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3 money moves that could be tax evasion, not tax avoidance

On Behalf of | Oct 9, 2023 | Tax Evasion

Paying income taxes is a necessity for anyone earning a living in the United States. Most people do their best to minimize how much they need to pay in taxes. Certain tactics, like making charitable contributions right before the end of the year, can diminish someone’s tax liability without violating any rules.

Unfortunately, some of the ways people seek to reduce their income tax obligations might actually violate the law. The three seemingly clever tax tricks below could potentially put someone at risk of accusations of tax evasion.

Choosing not to report income

Many people have at least one secondary stream of income. Whether they use their truck to haul large items for their neighbors occasionally or babysit their relatives’ children for cash, they may feel like they can simply keep the money paid for their services. However, the taxpayers generally need to report any stream of income that generates $400 in revenue or more each year.

Inflating personal deductions

Particularly when someone runs a small business, they may be able to write off a number of expenses that they incur to run or promote their business. This is very tempting to write off a meal with family members as a client’s dinner or to include personal travel receipts along with business travel receipts. However, if such misrepresentations eventually come to light, they could trigger sizable tax penalties and possibly criminal charges. Even honest mistakes, like claiming the children after the divorce when the other parent has primary custody, could lead to claims of tax evasion.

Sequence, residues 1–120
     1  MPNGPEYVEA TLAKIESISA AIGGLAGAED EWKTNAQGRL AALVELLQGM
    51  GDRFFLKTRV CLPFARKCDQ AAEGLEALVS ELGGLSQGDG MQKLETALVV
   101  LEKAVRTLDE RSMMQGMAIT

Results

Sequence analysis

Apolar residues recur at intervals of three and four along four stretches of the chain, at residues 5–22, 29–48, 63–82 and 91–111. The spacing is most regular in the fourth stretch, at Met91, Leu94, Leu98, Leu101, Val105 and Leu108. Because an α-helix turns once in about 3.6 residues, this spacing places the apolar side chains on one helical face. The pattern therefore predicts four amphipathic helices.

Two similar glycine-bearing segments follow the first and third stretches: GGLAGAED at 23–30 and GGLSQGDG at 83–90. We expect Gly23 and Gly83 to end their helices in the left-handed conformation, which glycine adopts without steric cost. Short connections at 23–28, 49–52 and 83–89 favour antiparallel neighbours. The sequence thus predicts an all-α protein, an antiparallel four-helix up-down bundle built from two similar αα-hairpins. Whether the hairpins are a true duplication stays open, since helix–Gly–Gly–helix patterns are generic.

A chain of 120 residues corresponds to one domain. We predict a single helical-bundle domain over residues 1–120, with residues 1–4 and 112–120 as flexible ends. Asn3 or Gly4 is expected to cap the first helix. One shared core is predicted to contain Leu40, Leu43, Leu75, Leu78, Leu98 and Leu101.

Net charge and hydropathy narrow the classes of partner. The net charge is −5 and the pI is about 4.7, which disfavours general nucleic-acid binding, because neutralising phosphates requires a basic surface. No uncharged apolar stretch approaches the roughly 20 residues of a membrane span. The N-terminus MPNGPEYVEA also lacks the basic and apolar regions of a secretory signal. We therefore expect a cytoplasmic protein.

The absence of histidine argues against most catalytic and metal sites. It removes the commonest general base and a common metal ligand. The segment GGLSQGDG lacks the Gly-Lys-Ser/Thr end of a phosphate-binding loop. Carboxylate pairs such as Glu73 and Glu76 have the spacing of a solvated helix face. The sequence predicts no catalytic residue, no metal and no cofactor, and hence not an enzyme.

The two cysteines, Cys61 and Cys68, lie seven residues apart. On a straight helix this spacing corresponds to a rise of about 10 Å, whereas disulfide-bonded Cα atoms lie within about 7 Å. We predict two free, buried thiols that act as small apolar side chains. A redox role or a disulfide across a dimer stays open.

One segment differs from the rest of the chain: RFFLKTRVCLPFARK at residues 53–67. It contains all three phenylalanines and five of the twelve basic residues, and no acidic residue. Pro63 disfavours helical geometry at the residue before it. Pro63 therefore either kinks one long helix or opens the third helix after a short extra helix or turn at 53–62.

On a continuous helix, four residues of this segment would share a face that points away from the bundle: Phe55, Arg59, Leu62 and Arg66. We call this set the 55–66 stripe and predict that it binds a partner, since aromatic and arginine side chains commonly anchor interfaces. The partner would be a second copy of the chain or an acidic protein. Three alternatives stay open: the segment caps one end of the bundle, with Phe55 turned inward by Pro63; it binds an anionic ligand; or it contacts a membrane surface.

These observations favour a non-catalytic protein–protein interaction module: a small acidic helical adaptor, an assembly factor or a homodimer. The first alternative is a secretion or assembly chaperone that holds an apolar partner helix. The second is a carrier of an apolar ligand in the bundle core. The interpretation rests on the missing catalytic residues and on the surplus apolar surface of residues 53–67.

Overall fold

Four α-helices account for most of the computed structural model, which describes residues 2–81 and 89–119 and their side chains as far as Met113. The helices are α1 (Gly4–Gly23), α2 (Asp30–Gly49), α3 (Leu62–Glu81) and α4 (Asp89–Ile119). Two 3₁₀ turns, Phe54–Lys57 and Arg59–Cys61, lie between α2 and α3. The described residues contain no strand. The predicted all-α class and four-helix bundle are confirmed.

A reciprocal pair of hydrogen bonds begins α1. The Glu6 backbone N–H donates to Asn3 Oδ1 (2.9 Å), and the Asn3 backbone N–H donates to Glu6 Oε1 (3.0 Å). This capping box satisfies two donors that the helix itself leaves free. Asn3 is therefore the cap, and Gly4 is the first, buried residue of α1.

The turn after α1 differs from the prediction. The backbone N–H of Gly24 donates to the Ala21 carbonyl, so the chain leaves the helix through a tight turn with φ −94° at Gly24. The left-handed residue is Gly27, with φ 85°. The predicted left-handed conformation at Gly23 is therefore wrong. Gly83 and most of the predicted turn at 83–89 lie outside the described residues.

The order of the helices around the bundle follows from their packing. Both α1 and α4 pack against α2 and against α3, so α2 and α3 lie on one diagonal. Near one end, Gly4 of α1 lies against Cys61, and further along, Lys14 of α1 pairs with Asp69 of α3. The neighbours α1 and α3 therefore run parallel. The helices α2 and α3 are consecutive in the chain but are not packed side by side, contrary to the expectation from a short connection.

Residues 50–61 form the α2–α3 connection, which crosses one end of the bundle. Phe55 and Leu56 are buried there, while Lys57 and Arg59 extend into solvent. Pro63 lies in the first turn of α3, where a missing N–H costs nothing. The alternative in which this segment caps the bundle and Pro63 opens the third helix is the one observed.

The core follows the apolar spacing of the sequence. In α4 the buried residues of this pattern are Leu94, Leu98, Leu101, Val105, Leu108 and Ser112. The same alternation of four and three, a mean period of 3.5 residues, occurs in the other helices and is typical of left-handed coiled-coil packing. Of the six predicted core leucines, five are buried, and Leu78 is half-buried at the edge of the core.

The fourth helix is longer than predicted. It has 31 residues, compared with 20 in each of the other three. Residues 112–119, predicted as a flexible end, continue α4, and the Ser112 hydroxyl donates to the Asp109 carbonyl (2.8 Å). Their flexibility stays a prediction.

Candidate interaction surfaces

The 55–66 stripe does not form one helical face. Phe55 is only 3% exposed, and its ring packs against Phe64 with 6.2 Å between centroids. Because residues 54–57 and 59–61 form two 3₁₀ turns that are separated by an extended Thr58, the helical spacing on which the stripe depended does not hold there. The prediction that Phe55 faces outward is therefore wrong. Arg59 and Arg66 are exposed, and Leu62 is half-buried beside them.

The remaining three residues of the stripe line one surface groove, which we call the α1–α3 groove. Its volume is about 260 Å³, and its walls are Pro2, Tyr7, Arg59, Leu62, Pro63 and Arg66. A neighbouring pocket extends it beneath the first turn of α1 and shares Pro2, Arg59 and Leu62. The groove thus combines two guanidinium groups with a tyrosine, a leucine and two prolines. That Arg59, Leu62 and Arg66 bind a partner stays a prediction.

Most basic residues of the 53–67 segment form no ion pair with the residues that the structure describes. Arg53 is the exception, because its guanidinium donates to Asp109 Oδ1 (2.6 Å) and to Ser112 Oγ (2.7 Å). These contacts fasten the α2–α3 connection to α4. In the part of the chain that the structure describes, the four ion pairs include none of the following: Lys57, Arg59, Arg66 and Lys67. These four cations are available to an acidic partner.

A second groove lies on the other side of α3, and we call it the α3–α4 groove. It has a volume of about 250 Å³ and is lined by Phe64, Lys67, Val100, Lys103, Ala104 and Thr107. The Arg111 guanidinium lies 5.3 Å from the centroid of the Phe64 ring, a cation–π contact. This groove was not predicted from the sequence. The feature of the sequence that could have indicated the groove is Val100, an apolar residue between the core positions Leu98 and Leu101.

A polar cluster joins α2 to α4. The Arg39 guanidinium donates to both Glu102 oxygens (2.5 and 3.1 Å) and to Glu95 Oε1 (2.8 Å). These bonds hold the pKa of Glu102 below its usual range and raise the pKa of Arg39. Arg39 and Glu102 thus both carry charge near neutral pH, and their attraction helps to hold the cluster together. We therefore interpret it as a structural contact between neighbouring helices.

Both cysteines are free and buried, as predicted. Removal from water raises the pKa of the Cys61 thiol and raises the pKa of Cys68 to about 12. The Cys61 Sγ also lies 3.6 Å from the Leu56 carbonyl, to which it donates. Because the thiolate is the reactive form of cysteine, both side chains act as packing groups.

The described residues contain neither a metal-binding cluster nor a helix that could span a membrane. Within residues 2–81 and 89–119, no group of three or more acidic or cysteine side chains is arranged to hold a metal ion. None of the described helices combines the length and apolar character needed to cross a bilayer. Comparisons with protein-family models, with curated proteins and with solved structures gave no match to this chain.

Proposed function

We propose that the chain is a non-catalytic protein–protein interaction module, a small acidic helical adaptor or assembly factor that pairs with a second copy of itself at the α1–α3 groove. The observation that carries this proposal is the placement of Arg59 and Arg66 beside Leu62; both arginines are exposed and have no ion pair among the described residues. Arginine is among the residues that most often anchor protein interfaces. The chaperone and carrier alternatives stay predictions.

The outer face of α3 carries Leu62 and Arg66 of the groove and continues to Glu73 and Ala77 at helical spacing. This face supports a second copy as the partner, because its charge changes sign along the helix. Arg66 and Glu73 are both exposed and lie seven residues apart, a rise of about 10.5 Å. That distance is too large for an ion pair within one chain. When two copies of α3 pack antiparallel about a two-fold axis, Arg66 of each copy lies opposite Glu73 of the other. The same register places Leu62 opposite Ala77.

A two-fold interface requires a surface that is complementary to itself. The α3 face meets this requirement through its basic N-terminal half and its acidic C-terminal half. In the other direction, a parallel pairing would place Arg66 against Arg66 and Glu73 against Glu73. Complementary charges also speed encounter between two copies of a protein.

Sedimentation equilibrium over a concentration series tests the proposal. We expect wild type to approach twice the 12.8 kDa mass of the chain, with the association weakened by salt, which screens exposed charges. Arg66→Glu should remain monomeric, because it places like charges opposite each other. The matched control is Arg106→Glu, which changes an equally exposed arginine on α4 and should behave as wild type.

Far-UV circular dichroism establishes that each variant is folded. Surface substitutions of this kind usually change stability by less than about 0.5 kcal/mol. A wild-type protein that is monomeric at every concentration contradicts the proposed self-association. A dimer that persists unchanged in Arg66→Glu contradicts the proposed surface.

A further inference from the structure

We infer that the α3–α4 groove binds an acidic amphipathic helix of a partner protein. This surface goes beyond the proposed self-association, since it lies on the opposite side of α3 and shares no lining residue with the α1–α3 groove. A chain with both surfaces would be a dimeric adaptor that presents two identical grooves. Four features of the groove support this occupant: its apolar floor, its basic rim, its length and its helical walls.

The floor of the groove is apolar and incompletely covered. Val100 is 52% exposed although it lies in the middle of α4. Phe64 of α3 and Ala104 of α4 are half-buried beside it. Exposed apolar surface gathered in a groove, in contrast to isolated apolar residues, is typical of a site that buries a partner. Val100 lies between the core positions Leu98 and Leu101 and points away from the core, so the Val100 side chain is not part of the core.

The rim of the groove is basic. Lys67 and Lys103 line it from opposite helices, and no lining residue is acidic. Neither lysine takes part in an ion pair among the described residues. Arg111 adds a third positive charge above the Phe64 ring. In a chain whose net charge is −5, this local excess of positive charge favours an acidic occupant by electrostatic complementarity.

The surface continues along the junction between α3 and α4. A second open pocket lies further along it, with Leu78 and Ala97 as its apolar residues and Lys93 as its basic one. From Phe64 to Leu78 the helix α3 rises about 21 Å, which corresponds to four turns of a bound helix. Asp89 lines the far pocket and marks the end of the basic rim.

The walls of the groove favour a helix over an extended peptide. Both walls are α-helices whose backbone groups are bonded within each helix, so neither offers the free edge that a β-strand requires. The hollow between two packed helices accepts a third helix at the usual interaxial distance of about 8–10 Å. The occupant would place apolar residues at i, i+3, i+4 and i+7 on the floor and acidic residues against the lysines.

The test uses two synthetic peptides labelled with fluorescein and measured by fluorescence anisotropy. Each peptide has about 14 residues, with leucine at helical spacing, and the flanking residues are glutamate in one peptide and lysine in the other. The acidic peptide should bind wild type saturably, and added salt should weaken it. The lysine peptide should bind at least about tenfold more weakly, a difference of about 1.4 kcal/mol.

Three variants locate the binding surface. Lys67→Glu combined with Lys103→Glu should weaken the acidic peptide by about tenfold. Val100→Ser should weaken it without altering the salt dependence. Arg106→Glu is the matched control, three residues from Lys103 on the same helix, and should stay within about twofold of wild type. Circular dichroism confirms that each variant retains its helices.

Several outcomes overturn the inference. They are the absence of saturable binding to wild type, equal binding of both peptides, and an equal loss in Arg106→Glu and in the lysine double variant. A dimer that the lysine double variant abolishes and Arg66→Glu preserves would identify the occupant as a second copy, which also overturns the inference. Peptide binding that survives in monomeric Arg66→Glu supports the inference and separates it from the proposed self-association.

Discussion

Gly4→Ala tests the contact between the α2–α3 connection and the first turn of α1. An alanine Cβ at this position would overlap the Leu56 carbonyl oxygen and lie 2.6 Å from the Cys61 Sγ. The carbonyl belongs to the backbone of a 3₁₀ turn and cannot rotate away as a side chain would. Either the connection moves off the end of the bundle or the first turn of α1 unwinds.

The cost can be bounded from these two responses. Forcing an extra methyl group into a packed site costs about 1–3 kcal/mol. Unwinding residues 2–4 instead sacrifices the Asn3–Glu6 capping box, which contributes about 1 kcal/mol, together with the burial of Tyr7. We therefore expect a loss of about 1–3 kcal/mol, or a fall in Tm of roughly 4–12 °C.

Hiding taxable assets

People have to pay income taxes when they earn their money and then often sales taxes when making purchases. Some people resent needing to pay taxes based on their personal holdings. They may try under-reporting their assets. In some cases, people intentionally move funds into international accounts to avoid reporting them to the government. Those who get caught with unreported taxable assets could face penalties and possible prosecution.

Recognizing when one’s efforts to reduce taxes might actually cross the line and become tax evasion can help people avoid preventable mistakes and more effectively respond to claims that they have mismanaged their taxes.